Cool air was blowing up, testimony to the conditions up there, a momentary comfort for Skinner. That’s the same, he thought, but it’s different. Nothing was ever exactly the same.

Tanker asked, “What are you thinking? Let’s go.”

Skinner knew this was no different from other times. That’s the theory. The clouds looked so damn thin, though. He doesn’t see how they can support him, even though they always had before. But he always had his Dad or Mom with him to walk the clouds. Their presence was encouraging and reassuring.

He stepped out out the few final feet from the cliff side toward the oh so ordinary appearing clouds. They looked like the same kind of clouds he’d walked with his parents. It’s just that his parents weren’t here.

“We won’t always be here to do this with you, Skinner,” his father had said just a few days before, in a place very much like this one, but different.

Shifting sounds behind him made Skinner look back at Tanker. Tanker had composed himself for a long wait and was looking bored and tired. “You take your time, Skinner. Do what you need to do.”

Skinner remembered his father speaking. “You can take your time, but that’s part of the test. The test isn’t just about walking on the clouds, but your belief and confidence that you can do it. You know you can. You’ve done it with me. Other matters will be in your head, too. You’ll know that everyone is watching. You’ll know it’s a test. You’ll know it. I know you’ll know it because I was there. I was tested for my belief, too. I know what was in my head then, and you’re just like me. You, me, and your grandfathers, we’re all the same, so I know what’s in your head, Skinner. Believe me, I know.”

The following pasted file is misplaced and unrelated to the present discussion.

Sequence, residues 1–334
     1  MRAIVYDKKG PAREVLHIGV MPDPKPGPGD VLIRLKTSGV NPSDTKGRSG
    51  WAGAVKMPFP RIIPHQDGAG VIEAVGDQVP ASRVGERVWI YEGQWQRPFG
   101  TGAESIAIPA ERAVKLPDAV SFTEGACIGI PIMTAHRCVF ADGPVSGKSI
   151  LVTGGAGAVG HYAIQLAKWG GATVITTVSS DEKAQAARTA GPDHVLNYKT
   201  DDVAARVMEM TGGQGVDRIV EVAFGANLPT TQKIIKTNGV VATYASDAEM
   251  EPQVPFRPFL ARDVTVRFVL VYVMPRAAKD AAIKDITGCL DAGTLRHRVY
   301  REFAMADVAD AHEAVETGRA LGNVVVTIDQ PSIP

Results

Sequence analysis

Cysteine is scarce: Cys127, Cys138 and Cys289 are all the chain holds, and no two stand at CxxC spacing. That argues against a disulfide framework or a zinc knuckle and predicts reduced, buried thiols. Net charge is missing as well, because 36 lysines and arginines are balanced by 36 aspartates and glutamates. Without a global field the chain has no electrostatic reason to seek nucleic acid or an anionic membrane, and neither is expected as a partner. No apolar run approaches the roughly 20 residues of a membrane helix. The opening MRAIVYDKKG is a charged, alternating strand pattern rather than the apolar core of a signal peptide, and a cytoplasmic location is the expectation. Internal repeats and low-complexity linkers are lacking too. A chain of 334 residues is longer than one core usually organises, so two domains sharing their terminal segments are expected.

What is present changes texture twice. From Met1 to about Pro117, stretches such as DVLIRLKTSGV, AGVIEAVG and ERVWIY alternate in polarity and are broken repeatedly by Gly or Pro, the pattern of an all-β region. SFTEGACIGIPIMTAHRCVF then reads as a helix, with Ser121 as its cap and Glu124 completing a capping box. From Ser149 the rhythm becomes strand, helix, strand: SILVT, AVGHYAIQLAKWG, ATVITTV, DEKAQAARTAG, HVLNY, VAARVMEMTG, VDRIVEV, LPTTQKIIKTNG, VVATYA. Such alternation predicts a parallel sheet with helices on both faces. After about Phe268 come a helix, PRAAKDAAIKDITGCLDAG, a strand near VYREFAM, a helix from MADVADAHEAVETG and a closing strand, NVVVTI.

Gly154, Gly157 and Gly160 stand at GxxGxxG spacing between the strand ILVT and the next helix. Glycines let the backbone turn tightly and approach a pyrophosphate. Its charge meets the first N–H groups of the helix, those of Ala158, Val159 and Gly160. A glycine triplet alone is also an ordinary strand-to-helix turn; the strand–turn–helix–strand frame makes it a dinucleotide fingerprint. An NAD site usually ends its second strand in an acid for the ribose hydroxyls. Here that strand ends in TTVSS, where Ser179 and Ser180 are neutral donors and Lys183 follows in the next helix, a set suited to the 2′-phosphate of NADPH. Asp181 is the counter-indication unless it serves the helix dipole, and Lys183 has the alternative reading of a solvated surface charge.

A sharper wind knifed over Skinner’s face. He turned back toward the clouds. White and gray, and lined by sunlight, they were pretty. Some thinned, parting ways. Clouds are always saying hello and good-bye. The separation exposed the creek running through the park below, and the trees. If he didn’t believe, he would crash right through these clouds and down through the tree branches, into the hard green and brown earth below. Maybe he’d land in the water. Maybe he’d land on one of the big granite boulders. Maybe he would live.

But he believed.

He stepped off onto the cloud.


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